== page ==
Study finds overhydration just as harmful as dehydration

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COLUMBIA - School is back in session, and that means high school sports have started up again for the year. As athletes return to the field while the summer heat sticks around, dehydration is a concern.

However, one new report shows that overhydration in young athletes can be just as harmful as dehydration.

Dr. Dale Brigham, an MU nutritional sciences and exercise physiology professor, said overhydration can have serious medical consequences.

"Persons who drink excessive amounts of fluids during exercise were basically having what ends up being neurological problems, that the brain actually swells up and that causes eventually a large number of things," Brigham said. "It includes seizures and unconsciousness, etc. and unfortunately it can lead to death."

Brigham said that current hydration guidelines say people shouldn't drink more than one quart of fluid, or 32 ounces, per hour of exercise.

"The previous thinking was well you should try to replace every bit of that that you are losing," Brigham said. "The problem is that during exercise, the body gets a little mixed up. Basically when it's hot and when you're exercising with some other factors in there, the body decides it needs to hang on to all the water it can."

Brigham said in the past, guidelines said people should drink water before they feel thirsty, and throughout the day. However, he said guidelines were recently changed to say people should "follow their thirst" and drink water when they feel thirsty.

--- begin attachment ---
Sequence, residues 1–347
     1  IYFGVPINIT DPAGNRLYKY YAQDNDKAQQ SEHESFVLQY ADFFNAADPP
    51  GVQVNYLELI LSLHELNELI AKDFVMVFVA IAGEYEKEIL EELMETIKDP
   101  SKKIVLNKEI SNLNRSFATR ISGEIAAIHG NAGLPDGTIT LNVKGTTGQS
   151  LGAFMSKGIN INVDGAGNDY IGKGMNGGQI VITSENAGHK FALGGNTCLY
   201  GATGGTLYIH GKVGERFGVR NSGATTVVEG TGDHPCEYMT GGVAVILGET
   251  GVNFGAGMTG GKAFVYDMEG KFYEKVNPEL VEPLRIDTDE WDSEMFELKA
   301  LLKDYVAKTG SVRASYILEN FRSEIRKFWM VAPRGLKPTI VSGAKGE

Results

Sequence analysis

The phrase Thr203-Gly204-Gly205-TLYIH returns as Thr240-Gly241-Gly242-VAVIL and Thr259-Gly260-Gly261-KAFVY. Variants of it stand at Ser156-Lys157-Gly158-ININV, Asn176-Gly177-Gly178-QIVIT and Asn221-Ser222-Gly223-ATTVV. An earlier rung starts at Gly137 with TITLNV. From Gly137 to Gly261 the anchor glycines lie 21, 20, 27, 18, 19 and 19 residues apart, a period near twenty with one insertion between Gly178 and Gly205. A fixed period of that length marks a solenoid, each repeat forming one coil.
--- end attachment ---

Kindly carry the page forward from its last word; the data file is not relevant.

He said although most people think of dehydration when it comes to heat-related illnesses, people shouldn't underestimate the consequences of overhydration.

"The problem is that we've been telling athletes to drink a whole lot of water, and coaches and other well-meaning folks who deal with athletes, whether they're adult or children, are potentially setting them up to drink too much water."

However, he said he thinks most local coaches are aware of adverse effects, and are watching out for their athletes.

"I'm confident that our local sports coaches at every level are aware of these things and are going to make sure that we don't have any more tragedies," Brigham said.

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